Israel's post-COVID Office Market Is Down, but Not Out

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People watching the sunset in Tel Aviv, Israel, April, 2021.
People watching the sunset in Tel Aviv, Israel, April, 2021.Credit: AP / Oded Balilty

The Israeli office market is in a period of post-coronavirus uncertainty, but for many companies the choice of renting or not renting office space is theoretical: They are for the time being tied to long-term rental contracts even if their actual needs for space have shrunk and may well shrink further as the work-from-home phenomenon takes hold.

Ori Halevy, an architect with the firm Auerback Halevy, is today engaged in projects to adapt office space to the post-COVID era, but he admitted that the emerging field is contending with uncertainty.

“Apart from design and planning adaptations, which are focusing on enhancing creativity and collaboration in open spaces, with the option of hot desks and modular functions for employees who come to the office only once every two weeks, we recognize that large organizations we work with managing risk,” he said.

“On the one hand, they are still keeping the office space they have. On the other, they are sub-letting some space,” he said, saying they are playing a waiting game until they see how the workplace environment is developing.

Jacky Mukmel, chairman of the commercial real estate advisory firm CBRE Israel, said the office market, for now, was feeling the pinch of the coronavirus but it hasn’t been decimated. That, he said, is mainly due to big companies, which continue renting workspace and offices. Smaller office renters have been hurt and won’t recover anytime soon, he said.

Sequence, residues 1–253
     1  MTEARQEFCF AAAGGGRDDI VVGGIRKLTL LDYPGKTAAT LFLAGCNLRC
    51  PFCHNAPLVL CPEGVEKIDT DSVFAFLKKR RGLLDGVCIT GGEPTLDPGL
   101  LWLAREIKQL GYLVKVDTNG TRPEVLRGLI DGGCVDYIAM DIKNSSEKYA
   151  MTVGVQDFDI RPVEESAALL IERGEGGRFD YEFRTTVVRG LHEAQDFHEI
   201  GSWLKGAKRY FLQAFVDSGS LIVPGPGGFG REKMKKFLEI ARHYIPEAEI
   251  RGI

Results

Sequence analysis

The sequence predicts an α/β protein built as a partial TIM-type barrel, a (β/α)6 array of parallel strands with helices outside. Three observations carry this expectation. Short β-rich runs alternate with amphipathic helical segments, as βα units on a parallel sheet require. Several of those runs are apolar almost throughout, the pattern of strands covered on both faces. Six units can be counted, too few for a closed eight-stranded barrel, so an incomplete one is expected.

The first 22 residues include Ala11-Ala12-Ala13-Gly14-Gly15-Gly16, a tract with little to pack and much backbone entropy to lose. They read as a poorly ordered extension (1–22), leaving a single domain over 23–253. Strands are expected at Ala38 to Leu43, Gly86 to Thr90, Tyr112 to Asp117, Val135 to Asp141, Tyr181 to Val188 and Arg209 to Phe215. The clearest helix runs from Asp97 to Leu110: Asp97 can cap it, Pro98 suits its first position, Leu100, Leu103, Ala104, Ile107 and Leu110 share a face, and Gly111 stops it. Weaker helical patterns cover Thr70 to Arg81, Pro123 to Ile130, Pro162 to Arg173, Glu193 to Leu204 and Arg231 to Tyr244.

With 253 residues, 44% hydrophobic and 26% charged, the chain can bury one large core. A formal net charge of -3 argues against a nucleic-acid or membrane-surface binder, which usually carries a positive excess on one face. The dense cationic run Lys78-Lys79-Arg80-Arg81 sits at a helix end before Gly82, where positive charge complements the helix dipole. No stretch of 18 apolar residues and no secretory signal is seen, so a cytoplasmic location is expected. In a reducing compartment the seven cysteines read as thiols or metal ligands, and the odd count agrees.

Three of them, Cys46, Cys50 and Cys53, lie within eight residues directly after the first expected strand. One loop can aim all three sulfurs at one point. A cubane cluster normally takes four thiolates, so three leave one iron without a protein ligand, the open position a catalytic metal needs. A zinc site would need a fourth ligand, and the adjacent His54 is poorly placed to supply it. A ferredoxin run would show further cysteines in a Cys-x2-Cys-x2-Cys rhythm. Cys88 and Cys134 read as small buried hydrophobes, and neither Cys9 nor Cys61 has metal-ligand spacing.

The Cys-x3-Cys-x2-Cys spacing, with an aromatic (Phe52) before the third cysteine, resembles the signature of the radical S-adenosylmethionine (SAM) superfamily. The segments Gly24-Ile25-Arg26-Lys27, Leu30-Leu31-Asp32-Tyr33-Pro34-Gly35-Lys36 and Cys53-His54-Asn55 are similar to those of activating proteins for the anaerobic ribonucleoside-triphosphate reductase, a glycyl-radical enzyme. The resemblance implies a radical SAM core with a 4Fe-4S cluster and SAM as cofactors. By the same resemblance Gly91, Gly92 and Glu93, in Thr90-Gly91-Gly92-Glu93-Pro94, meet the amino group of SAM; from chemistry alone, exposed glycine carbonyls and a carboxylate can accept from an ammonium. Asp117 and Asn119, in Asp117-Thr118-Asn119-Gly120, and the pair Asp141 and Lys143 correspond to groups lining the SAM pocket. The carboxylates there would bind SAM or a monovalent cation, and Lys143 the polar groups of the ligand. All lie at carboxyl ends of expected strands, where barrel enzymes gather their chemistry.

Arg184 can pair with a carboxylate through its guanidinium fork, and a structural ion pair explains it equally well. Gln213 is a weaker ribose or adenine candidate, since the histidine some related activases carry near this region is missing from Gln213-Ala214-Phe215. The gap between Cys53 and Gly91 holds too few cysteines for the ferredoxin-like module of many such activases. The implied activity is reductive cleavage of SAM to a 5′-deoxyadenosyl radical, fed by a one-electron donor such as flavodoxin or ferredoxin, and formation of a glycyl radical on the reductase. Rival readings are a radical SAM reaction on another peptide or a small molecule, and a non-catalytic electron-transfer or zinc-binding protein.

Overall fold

Jacky Mukmel, chairman of the commercial real estate advisory firm CBRE Israel.Credit: Morag Bitan

As a result, rentals in Tel Aviv, office rents have fallen about 8% and occupancy rates to 91%. Commercial rents have fallen 15%. In Ramat Gan, next door to Tel Aviv, office rents are down 6% and in Herzliya they are down about 8%, Mukmel estimated.

“That’s because smaller tenants have left. We don’t see them returning in the near term. Demand will come entirely from big companies,” he said.

Even before the pandemic created an upheaval in working patterns, the Israeli office market was suffering a glut. Today, planning authorities estimate the market is suffering from an excess supply of about 240,000 square meters of floor space approved for building between now and 2040.

The center of the country had seen a building boom of office towers that may never be fully populated. The brunt of the downturn will be felt by purchasing groups of small investors that buy and rent out small office spaces, rather than by big developers that build and rent office towers by the floor, Mukmel said.

Purchasing-group investors in many cases got into a segment of the office real estate market they didn’t fully understand.

“It’s a market characterized by big risk of oversupply because investors were piling into it without understanding the risk they were taking on,” he explained.

“Small-business owners don’t hesitate to move to a cheaper location, or rent in the periphery (outside greater Tel Aviv). ... It will take a long time before landlords will be able to base any business on them because their customers aren’t recovering from the pandemic so quickly,” he said.

Bigger companies on the other hand need to stay in the center of the country, where the most proficient workers live. “What interests them is how much space they can rent and where. The cost of rent for them is marginal for, say, high-tech companies,” Mukmel said.

Nevertheless, Mukmel said he remained optimistic about the office market.

“Tel Aviv currently has a forecast supply of five million square meters. The market won’t suddenly reawaken – it will take time,” he said, adding: “Anyone who planned to build a new office building in the past year froze the plans. I believe that in Tel Aviv the supply will be absorbed. In the periphery, the problem of oversupply may be more difficult. “

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